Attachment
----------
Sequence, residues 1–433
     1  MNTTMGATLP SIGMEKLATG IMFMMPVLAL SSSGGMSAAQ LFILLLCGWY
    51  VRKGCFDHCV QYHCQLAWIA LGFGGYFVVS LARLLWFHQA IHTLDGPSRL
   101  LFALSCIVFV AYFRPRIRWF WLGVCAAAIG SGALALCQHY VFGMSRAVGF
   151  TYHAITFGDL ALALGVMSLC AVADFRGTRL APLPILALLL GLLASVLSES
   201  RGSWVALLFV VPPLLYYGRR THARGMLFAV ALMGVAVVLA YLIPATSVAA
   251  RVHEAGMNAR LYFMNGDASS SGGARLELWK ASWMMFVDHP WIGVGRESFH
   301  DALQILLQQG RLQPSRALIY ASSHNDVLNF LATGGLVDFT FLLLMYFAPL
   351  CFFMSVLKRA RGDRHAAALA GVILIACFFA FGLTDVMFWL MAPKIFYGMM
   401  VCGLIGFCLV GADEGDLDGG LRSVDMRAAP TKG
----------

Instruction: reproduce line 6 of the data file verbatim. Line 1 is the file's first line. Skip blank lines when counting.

   201  RGSWVALLFV VPPLLYYGRR THARGMLFAV ALMGVAVVLA YLIPATSVAA